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Sydney's King of Food and Fashion: Maurice Terzini & Bondi Beach 

Sydney's King of Food and Fashion: Maurice Terzini & Bondi Beach

Maurice Terzini 
& Bondi Beach

Planning an Australian getaway? Terzini has it all.

Raised between Melbourne and the Abruzzo, Maurice Terzini has a boisterous Australian attitude with a refined Italian sensibility. As a young twenty-something he opened a trattoria in the yet-to-be-hip Melbourne neighborhood of South Yarra, proffering real-deal cuisine from the boot-shaped country instead of the factory fare fakery found on touristy Lygon Street. He credits luck -- "the right place at the right time" for his early entrepreneurial success, and there have been some higher highs (and some very low lows) leading up to his greatest accomplishment in the food biz: launching a massively successful restaurant concept at Icebergs -- Sydney's second-most iconic building after its opera house.

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A glass fortress set directly on Bondi Beach -- so close to the waves that they crash right into the open-air swimming pool in moodier weather -- Icebergs has helped turn the once undesirable 'burb (the city used to pipe its sewage out to sea in the area) into one of the hottest addresses in all of Sydney. Bondi is synonymous with Australia's pronounced surf culture -- its de facto capital -- with toned young men in half-zipped neoprene and kaftan-wearing beach babes idling at the local coffee shops.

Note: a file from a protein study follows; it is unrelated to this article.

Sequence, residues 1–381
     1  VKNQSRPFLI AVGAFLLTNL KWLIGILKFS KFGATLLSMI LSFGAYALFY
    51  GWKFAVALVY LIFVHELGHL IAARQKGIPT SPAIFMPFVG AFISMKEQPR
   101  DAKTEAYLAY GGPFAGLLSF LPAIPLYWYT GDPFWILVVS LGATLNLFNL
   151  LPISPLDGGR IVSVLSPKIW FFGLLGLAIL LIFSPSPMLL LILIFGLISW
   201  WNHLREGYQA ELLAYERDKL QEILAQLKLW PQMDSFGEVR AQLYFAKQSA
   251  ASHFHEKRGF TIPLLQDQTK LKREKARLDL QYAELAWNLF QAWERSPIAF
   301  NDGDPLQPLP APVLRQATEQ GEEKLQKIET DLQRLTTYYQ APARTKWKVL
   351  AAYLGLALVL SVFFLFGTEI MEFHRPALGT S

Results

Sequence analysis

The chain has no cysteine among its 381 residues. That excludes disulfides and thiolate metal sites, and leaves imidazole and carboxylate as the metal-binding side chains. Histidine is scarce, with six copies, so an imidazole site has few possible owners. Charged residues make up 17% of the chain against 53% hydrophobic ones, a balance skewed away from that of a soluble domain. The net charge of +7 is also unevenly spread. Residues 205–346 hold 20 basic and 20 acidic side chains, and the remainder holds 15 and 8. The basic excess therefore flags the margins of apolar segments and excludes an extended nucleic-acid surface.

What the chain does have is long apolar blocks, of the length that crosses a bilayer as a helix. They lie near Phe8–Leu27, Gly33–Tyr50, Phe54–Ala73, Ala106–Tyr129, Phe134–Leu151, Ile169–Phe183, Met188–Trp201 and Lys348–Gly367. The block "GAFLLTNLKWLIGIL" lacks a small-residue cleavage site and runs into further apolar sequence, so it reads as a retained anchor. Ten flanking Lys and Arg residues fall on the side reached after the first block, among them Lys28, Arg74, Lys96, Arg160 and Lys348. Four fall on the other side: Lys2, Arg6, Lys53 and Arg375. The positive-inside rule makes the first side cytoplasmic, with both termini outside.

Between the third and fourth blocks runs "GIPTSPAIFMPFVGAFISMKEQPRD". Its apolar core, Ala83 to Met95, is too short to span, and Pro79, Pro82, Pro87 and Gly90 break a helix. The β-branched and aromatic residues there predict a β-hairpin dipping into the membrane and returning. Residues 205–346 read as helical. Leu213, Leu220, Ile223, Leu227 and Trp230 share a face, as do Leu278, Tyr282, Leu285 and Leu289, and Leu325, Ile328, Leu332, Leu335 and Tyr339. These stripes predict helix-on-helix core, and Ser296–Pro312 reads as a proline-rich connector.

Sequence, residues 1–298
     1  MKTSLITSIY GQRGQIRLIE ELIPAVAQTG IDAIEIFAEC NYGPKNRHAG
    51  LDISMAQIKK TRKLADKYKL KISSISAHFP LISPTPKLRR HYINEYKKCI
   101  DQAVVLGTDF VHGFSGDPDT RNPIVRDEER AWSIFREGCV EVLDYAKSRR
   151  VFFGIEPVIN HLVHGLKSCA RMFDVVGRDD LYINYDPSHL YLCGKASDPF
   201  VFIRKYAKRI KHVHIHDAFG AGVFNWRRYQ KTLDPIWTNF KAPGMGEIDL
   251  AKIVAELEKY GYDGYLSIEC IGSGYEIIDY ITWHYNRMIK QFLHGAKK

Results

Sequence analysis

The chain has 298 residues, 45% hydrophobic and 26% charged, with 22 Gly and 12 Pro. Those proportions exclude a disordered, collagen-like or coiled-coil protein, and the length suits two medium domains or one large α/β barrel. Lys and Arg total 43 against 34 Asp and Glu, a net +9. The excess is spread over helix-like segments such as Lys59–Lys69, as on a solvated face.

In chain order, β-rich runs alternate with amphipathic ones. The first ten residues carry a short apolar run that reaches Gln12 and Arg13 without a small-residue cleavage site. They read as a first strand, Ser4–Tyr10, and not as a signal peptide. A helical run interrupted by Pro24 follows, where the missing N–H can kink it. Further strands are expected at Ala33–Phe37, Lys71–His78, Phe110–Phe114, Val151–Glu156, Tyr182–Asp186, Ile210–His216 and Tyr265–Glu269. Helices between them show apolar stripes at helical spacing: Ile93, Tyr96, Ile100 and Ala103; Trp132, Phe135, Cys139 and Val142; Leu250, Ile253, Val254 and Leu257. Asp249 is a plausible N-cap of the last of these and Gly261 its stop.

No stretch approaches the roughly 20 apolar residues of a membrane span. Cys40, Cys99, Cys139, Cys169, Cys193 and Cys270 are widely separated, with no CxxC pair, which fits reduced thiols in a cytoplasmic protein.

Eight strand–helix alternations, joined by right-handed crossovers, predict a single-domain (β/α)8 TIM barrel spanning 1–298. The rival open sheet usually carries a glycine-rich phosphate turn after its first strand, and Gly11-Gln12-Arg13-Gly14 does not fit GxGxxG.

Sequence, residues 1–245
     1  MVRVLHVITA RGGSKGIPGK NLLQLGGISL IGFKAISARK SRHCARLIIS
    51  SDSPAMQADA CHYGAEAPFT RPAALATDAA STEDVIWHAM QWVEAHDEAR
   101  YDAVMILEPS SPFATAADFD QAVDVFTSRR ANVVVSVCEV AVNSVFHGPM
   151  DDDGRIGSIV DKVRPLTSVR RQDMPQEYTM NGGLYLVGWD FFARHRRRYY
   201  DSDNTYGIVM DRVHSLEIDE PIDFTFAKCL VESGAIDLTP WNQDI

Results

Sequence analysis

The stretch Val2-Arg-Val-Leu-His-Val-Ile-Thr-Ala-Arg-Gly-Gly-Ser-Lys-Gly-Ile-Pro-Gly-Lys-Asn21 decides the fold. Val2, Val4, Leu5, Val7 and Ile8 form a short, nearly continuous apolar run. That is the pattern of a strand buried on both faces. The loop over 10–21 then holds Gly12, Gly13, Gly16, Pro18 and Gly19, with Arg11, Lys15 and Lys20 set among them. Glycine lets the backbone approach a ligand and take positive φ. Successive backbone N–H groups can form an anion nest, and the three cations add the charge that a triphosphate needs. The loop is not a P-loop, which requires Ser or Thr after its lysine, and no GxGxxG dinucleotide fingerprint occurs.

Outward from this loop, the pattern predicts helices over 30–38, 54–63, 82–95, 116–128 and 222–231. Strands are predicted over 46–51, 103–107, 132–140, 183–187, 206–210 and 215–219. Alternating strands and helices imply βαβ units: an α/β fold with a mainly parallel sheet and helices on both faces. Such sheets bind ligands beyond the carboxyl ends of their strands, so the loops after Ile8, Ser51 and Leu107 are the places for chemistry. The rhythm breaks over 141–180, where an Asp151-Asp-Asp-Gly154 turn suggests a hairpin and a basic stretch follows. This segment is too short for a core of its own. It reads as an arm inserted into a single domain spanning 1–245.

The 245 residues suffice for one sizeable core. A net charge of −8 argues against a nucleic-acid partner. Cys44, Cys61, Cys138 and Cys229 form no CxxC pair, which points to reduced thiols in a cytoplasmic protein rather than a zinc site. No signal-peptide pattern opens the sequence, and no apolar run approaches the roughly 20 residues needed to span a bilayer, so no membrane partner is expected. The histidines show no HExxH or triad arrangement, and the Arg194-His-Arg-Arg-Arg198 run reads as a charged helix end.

"The beach is the great equalizer in Australia. Every type of person gathers, stripped down of their artifice, on the sand," says Terzini of Bondi -- his veritable fiefdom -- which attracts not only wave riders, but Sydneysiders of every alternative stripe.

Beyond Icebergs and his numerous other restaurants around town, Terzini has also made a name for himself in the fashion world. "These are our basic needs: food and shelter," he says when asked about the relationship between his passion for designing menus and designing streetwear. "I want to create a beautiful life for everyone --I like to think of it as all being a part of a greater lifestyle brand," he adds. What's next? Terzini plans to make landfall in the U.S. with a restaurant-bar in Los Angeles and then: "A hotel. I want to pull all of these things together."

*This story is part of our '99 Things We Love About Australia' feature in the August issue of Out.

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